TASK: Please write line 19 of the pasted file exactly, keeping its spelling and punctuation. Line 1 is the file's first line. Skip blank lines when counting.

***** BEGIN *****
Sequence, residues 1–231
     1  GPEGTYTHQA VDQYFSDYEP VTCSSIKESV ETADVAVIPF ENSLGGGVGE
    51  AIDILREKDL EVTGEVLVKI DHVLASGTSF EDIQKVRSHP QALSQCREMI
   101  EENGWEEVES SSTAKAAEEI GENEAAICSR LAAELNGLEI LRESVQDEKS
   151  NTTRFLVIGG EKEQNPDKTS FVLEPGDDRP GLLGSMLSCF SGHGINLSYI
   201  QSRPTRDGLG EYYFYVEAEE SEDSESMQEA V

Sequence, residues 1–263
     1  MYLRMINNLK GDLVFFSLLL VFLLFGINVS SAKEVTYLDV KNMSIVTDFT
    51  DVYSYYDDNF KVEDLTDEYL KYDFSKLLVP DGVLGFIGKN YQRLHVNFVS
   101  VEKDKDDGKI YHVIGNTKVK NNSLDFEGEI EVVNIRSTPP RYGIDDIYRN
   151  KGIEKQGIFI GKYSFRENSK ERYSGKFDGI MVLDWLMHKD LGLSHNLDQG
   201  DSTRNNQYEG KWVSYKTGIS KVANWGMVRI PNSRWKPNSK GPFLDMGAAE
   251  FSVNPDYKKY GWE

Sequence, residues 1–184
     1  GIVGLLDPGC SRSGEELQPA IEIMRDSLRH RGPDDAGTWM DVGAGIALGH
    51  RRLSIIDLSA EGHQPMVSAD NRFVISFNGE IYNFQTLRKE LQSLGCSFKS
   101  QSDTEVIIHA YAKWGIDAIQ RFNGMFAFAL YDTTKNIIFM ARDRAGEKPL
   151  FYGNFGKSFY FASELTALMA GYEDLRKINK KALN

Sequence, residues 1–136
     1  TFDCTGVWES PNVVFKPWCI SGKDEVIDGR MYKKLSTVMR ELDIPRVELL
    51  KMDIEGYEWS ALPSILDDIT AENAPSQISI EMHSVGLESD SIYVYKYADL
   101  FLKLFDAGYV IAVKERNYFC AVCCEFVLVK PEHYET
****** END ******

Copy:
Sequence, residues 1–136